BENEFITING: The ALS Association Massachusetts Chapter
ORGANIZER: The ALS Association Massachusetts Chapter
EVENT: 2013 Boston Marathon
EVENT DATE: Apr 15, 2013
I am running the Boston Marathon and my very first marathon in memory of my father. I am excited to be given this opportunity to be a part of Team ALSMA and will be especially motivated knowing that it will benefit such a worthy cause.
As many of you may know, this is a personal cause for me. My father was diagnosed with ALS in 2005 and he courageously fought this disease while simultaneously working full-time and coaching his sports teams. Within a year of diagnosis, he became dependent on his Dynavox for communication (a speech generating device) and a feeding tube for nourishment.
Then in 2007, my father had his first bout of Pneumonia and spent 3 months in ICU and then later was transferred to a rehabilitation center. He came home with vent and trach in place. At this point, he had no mobility in his upper body and his speech was gone.
Throughout the challenges and trials of this disease, my father never gave up. A born optimist until the day he passed, December 23, 2008. He is remembered for his courage, humor and his drive to raise awareness for ALS. I am proud to follow in his footsteps and continue to raise awareness for this cruel and devastating disease.
One day we will have this beat but until then I will continue to support this very important cause. Thank you for your support! I hope to see you all at the finish line!!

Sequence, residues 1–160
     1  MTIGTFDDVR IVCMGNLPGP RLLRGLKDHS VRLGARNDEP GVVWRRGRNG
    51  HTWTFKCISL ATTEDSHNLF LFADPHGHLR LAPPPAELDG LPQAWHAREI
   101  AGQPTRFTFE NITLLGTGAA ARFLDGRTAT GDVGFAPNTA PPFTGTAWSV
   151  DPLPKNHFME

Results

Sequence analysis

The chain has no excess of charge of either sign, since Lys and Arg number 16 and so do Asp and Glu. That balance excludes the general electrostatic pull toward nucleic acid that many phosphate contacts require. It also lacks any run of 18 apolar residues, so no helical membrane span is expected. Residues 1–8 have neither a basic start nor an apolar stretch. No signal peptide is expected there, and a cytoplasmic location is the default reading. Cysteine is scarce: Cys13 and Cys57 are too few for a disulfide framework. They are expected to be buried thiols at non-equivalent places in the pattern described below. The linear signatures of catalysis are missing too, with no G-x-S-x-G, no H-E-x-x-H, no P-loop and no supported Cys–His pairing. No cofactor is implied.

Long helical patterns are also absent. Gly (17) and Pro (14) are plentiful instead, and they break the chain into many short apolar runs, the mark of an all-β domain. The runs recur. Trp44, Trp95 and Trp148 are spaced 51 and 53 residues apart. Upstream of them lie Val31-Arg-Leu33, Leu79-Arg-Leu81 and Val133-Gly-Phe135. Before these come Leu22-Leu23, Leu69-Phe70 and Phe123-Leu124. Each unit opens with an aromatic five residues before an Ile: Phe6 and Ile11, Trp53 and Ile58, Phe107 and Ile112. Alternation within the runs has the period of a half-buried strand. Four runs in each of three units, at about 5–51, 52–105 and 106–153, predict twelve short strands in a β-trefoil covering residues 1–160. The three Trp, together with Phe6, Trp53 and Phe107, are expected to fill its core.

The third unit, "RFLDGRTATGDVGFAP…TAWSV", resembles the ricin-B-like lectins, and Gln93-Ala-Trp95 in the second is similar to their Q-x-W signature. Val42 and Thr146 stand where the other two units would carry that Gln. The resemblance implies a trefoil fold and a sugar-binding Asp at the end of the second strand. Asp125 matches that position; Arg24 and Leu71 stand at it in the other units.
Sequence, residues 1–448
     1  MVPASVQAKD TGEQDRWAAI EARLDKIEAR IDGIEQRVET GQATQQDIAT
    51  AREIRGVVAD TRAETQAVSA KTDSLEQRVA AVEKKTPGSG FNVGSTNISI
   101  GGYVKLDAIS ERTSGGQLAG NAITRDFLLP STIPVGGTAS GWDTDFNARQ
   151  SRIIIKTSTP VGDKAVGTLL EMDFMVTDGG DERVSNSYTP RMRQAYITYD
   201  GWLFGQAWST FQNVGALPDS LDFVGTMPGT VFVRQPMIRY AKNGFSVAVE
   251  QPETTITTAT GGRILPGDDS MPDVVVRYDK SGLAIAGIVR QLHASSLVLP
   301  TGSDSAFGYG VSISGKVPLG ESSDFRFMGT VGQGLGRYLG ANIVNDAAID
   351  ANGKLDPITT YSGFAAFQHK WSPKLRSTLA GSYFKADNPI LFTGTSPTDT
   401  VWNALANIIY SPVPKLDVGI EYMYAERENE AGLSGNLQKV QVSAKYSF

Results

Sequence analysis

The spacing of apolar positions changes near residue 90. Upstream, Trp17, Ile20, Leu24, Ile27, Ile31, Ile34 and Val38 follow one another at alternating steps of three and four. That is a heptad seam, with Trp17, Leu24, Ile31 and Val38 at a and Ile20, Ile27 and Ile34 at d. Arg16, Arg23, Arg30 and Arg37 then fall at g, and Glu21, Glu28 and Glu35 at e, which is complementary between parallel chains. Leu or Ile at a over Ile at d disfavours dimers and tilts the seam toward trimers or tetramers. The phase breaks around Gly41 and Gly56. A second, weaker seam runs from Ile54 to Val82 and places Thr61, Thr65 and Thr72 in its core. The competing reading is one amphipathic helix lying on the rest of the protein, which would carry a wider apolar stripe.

Amyotrophic Lateral Sclerosis Association wrote -
Team ALSMA is a dedicated group of Boston Marathon runners who are raising awareness and funds to benefit the cutting-edge research, vital patient care programs and important advocacy work of the ALS Assn. MA Chapter. Each team member has a relationship to a patient who has battled or is battling this disease. They run because they can! Amyotrophic Lateral Sclerosis (ALS) is a progrssive, fatal, neuromuscular disease that slowly robs the body of its ability to walk, speak, swallow and breathe. The life expectancy of a person with ALS averages 2-5 years from the time of diagnosis. Every 90 minutes, someone is diagnosed with ALS and every 90 minutes someone will lose their battle with this disease. Please support a member of Team ALSMA!
Thanks and comeout and cheers our runners on Marathon Monday!